In accordance with the present invention there is provided a sound-damped saw blade comprising (a) a disc, (b) a layer of viscoelastic material adhered to one major surface of said disc and a thin sheet over and coextensive with said viscoelastic material, wherein the diameter of said viscoelastic layer and said sheet is less than the diameter of said disc, and (c) an edge coating covering the circumferential edge of said viscoelastic layer and said sheet, which edge coating has an abrasion resistance, as expressed in percentage haze, of less than about 30 percent .
SUMMARY OF THE DRAWINGS
The invention is described in more detail hereinafter with reference to the accompanying drawings, wherein like reference characters refer to the same elements in the several views and in which:
FIG. 1 is a plan view of a sound-damped saw blade employing the improvement of the present invention.
FIG. 2 is a cross-sectional view of the saw blade of FIG. 1 along the line 2--2.
DETAILED DESCRIPTION OF THE INVENTION
Referring now to the drawings there is shown a sound-damped saw blade 10 comprising a disc 12, a layer 14 of viscoelastic material (see FIG. 2), a thin sheet 16 over layer 14 and an edge coating 18 covering the circumferential edge of layer 14 and sheet 16.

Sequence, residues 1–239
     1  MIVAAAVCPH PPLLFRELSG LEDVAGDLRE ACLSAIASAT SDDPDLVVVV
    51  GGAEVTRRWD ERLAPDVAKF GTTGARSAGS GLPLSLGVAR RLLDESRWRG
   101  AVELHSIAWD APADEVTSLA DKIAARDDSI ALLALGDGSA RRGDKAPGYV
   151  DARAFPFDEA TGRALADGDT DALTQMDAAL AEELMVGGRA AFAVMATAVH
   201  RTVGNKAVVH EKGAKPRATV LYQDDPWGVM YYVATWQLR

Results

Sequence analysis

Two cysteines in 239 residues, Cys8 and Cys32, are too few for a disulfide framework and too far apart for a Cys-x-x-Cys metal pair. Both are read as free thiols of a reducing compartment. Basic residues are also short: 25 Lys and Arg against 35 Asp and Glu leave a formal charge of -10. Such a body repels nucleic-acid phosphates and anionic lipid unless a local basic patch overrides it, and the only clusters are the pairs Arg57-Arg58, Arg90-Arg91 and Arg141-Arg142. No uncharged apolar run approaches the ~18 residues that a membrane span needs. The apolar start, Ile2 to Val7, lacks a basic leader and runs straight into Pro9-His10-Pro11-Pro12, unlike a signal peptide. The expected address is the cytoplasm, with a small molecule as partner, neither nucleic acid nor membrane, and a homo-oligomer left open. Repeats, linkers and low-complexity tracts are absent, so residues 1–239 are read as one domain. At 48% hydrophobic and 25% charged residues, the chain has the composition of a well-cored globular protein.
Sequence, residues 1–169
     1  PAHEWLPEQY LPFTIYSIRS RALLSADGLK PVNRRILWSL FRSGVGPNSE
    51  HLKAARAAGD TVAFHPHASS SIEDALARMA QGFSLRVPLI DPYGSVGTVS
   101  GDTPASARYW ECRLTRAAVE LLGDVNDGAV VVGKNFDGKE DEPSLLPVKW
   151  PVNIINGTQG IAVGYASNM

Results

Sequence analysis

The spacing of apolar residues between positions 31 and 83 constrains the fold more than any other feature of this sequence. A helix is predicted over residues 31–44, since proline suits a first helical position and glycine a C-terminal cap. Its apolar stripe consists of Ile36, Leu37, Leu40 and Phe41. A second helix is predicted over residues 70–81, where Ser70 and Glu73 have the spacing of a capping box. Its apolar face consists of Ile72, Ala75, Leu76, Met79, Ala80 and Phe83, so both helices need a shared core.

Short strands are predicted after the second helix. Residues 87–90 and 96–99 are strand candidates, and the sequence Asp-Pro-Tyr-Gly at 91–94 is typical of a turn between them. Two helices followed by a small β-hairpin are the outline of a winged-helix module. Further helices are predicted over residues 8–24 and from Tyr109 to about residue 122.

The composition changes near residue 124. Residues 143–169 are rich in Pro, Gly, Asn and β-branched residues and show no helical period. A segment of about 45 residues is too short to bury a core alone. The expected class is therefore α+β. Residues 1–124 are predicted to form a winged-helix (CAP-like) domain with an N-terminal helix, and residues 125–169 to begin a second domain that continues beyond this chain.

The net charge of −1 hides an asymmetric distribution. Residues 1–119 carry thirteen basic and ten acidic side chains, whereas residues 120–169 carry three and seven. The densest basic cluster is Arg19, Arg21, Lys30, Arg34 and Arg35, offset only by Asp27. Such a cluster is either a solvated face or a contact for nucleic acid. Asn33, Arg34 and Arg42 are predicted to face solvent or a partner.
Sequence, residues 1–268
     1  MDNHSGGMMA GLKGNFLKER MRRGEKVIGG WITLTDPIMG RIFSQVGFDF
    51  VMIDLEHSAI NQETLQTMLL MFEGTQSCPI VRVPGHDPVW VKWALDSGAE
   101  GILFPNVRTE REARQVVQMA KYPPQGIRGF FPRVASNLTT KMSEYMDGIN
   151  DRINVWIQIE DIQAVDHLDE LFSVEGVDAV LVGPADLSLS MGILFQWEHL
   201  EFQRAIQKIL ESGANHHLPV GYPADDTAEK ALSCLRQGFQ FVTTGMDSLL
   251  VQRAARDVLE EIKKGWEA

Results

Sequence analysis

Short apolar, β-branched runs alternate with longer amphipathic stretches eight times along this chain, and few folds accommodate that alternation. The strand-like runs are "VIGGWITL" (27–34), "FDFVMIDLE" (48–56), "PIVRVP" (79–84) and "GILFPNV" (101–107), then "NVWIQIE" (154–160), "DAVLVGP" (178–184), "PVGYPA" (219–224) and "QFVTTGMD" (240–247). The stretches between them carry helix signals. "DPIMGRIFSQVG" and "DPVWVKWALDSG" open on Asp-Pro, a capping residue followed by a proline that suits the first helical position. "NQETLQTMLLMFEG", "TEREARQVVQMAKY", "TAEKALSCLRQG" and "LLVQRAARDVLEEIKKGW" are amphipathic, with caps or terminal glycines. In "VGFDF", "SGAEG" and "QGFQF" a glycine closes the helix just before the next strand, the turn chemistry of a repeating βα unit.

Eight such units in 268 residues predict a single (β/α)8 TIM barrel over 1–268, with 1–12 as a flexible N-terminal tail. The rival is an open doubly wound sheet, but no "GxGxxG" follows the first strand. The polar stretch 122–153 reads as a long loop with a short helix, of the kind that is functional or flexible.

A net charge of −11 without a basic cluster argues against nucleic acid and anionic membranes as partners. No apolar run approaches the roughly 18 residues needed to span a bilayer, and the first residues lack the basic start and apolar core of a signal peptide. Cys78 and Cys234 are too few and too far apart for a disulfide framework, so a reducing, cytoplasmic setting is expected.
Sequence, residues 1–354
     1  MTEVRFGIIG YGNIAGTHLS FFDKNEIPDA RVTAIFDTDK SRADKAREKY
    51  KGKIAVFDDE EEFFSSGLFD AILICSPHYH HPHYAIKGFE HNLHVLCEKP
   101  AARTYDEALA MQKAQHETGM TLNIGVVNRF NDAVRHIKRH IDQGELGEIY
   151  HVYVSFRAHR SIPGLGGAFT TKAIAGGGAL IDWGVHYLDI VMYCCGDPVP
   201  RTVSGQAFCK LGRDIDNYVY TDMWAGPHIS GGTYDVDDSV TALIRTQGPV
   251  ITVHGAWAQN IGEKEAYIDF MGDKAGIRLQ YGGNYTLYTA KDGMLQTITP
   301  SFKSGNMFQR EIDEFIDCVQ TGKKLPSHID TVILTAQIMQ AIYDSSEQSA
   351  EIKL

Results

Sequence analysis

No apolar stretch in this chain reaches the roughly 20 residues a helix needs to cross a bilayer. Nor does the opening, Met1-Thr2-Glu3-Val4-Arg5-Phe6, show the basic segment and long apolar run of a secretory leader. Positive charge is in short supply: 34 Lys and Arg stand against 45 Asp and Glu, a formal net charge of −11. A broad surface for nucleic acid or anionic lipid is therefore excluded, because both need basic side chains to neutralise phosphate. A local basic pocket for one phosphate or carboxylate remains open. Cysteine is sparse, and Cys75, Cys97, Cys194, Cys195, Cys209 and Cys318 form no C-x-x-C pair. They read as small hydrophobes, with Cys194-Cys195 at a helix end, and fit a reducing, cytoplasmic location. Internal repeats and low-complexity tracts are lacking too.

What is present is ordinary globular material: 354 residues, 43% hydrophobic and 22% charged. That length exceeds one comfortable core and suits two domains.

In the embodiment shown, disc 12 perferably comprises a metal such as steel. While metals are preferred for disc 12, other materials may also be used provided that they are suitable for use in saw blades.
Layer 14 comprises a viscoelastic material having a central opening 15 therethrough. Preferably opening 15 is larger in diameter than hole 11 in disc 12. The diameter of layer 14 is limited by the deepest gullet 17, or other slot in disc 12. Thus it is preferred that layer 14 not extend into said gullet or slot. Preferably layer 14 is from about 0.02 to 0.1 millimeters thick.
The viscoelastic material employed in layer 14 should have a glass transition temperature between +5.degree. and -50.degree. C (preferably between 0.degree. and -20.degree. C). Additionally it should have a loss tangent of at least about 0.3 (preferably at least about 0.8) and a dynamic shear storage modulus of from about 1 .times. 10.sup.7 to 1 .times. 10.sup.9 dynes/cm.sup.2 each when measured at about 20.degree. C and a frequency in the range of about 500 to 5000 hertz.